Louise Glück honed her poetic voice across a lifetime to speak to us from beyond the grave
When asked what her response was to being awarded the Nobel Prize in literature in 2020, Louise Glück replied that she was “completely flabbergasted.” She said she had thought it “extremely unlikely that I would ever have this particular event to deal with in my life.”
Glück, who died on Oct. 13, 2023, at the age of 80, may have been taken aback that she was granted this exalted honor, the first American poet to win since T.S. Eliot in 1948. But her win was far less surprising to those who know and love her work, and who now mourn her loss.
The Nobel Committee for Literature selected Glück for this literary achievement to honor her “unmistakable poetic voice that with austere beauty makes individual existence universal.”
As a poet and professor of writing, I have long been an admirer of Glück’s spare and striking work. Her lyric voice still reverberates after her death, in part because of how consistently she turned her attention to questions of mortality.
A cruel clarity of vision
Glück said, in the same interview about her Nobel win, “I’ve written about death since I could write.” Her work turns again and again to the human story, those elemental facets of life that unite people. She went on to say, “I look for archetypal experience, and I assume that my struggles and joys are not unique.”
What’s common to humanity characterizes her work: Her focus on lasting themes of family and heartache and loss has earned her a wide audience and lasting acclaim. Before being awarded the Nobel Prize, Glück won the National Book Award for “Faithful and Virtuous Night” in 2014 and the Pulitzer Prize for “Wild Iris” in 1992, among other accolades.
Though well received, Glück’s work is not always inviting. It can have an icy abruptness; she often writes speakers who have a cruel clarity of vision. In her poem “Mock Orange” she writes:
It is not the moon, I tell you.
It is these flowers
lighting the yard.
I hate them.
I hate them as I hate sex
which she goes on to describe as “the low, humiliating / premise of union.” As the poem ends, her speaker asks, “How can I be content / when there is still / that odor in the world?”
The lyric “I,” the first-person speaker of Glück’s poems, is rarely content. Though Glück wrote in the voice of many characters and from many perspectives, woven throughout her work is a perspective that tends to find the world – and the self – wanting.
It may be surprising, then, how strongly readers have responded to her still, spare, often quietly devastating work. It attends to daily human struggles as if from a distance, what the critic Helen Vendler described as “almost through the wrong end of a telescope.” As in the old adage about what poetry can do, Glück made the familiar strange, which is perhaps what continues to draw readers to her work: It renders the close-up experiences of heartbreak and hope from a new perspective.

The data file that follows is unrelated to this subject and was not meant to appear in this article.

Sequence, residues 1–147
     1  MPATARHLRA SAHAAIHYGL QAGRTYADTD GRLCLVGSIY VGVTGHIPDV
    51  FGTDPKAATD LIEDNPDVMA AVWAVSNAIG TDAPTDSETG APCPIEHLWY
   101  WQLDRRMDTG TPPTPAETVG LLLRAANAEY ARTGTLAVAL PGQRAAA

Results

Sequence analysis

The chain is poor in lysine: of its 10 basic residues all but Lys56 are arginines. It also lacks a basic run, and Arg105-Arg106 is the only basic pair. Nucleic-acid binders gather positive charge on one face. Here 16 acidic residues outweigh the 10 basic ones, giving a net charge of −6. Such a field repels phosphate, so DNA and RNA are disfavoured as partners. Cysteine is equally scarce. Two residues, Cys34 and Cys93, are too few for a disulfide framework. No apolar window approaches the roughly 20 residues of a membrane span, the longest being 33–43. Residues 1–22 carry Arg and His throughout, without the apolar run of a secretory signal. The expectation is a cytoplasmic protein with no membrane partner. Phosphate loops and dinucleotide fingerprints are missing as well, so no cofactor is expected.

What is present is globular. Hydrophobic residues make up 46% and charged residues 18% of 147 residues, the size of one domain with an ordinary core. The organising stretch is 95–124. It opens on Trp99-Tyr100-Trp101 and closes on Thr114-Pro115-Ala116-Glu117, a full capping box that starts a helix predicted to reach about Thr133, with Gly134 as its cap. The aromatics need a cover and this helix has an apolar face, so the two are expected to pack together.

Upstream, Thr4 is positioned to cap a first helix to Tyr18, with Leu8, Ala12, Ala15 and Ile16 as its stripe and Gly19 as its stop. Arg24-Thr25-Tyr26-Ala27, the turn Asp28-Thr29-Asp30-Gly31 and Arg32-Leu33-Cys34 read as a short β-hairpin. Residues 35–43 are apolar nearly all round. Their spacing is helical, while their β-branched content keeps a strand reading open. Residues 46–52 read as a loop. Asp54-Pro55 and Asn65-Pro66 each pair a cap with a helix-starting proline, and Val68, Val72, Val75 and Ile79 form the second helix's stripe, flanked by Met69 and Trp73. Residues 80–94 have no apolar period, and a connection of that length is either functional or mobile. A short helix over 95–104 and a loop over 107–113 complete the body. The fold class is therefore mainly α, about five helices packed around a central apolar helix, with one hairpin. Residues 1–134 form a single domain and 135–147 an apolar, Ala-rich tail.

Ancient voices speaking to the everyday
Glück also made the strange familiar, especially the distant world of myth. She brought ancient figures down to a human level by exploring everyday dramas through their voices.
She wrote often of families and the ways they fail each other, though slantingly, as when Glück explores strained dynamics between mothers and daughters via the Greek goddesses Demeter and Persephone. She makes vivid the challenges of marriage through the characters of Homer’s “Odyssey” in her 1996 book “Meadowlands.” A poem from that work, “Telemachus’ Detachment,” envisages the son of Odysseus and Penelope reflecting on his parents’ union as “heartbreaking, but also / insane. Also / very funny.” Her register was wide: Though Glück wrote with a kind of detachment about even the most intimate of emotions, it was often via characters who spoke wryly, abruptly, with gallows humor and a gimlet eye for human frailty.
Failure and loss frequently gave rise to her work: Her fifth book, “Ararat,” published in 1990, arose after her father’s death; her 1999 book, “Vita Nova,” emerged from the dissolution of her marriage. Even her titles exemplify the dense literary references that characterize her work:
“Ararat” echoes the story of Noah’s flood, and “Vita Nova” is named after Dante Alighieri’s poems on the death of his beloved. In “Vita Nova,” the way we fail those we love is explored via the myth of Orpheus and Eurydice.
Contact even at a distance
“Wild Iris,” one of Glück’s most honored works, winning both the Pulitzer Prize and The Poetry Society of America’s William Carlos Williams Award, is exemplary of her style. A book of poems written after a paralyzing period of writer’s block, it is the voice of flowers, of prayers, of the soul beyond death and of God speaking back through her poems. Even when talking to God, the speaker remains acerbic and questioning: The first line of one poem to God begins “Once, I believed in you … .”
The title piece of the collection speaks in the voice of a flower emerging in spring and as a speaker from beyond the grave, “whatever / returns from oblivion returns / to find a voice.” Another poem in the voice of “The Silver Lily” says “We have come too far together toward the end now / to fear the end.”
Louise Glück’s poems can feel like they come at the drama of life from a distance: The voice in her poems has been described as vatic, divinatory, Delphic and haunting, evoking a ghost speaking across time, able to narrate its own story with a dispassionate disinterest.
In the end, it was this carefully crafted, piercing observation of what is core to our human struggle that continues to animate Glück’s work for so many. If ever a poetic voice was honed across a lifetime to speak to us from beyond the grave, it’s Glück’s.
Amy Cannon, Associate Professor of Writing, USC Dornsife College of Letters, Arts and Sciences